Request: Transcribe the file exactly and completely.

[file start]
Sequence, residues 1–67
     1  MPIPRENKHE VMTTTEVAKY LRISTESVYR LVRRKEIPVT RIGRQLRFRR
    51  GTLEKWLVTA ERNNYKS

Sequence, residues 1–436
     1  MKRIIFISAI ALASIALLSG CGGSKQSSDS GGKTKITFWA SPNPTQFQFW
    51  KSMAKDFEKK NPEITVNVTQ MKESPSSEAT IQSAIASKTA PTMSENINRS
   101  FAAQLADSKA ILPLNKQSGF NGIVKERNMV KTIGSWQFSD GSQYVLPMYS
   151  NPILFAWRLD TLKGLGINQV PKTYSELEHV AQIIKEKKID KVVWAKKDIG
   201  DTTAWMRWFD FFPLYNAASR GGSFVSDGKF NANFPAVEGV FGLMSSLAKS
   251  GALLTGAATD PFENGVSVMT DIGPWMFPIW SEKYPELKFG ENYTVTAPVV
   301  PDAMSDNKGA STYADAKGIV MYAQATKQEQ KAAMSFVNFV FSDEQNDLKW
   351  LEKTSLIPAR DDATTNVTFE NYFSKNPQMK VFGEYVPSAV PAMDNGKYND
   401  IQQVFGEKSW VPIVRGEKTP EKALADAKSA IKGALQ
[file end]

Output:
Sequence, residues 1–67
     1  MPIPRENKHE VMTTTEVAKY LRISTESVYR LVRRKEIPVT RIGRQLRFRR
    51  GTLEKWLVTA ERNNYKS

Sequence, residues 1–436
     1  MKRIIFISAI ALASIALLSG CGGSKQSSDS GGKTKITFWA SPNPTQFQFW
    51  KSMAKDFEKK NPEITVNVTQ MKESPSSEAT IQSAIASKTA PTMSENINRS
   101  FAAQLADSKA ILPLNKQSGF NGIVKERNMV KTIGSWQFSD GSQYVLPMYS
   151  NPILFAWRLD TLKGLGINQV PKTYSELEHV AQIIKEKKID KVVWAKKDIG
   201  DTTAWMRWFD FFPLYNAASR GGSFVSDGKF NANFPAVEGV FGLMSSLAKS
   251  GALLTGAATD PFENGVSVMT DIGPWMFPIW SEKYPELKFG ENYTVTAPVV
   301  PDAMSDNKGA STYADAKGIV MYAQATKQEQ KAAMSFVNFV FSDEQNDLKW
   351  LEKTSLIPAR DDATTNVTFE NYFSKNPQMK VFGEYVPSAV PAMDNGKYND
   401  IQQVFGEKSW VPIVRGEKTP EKALADAKSA IKGALQ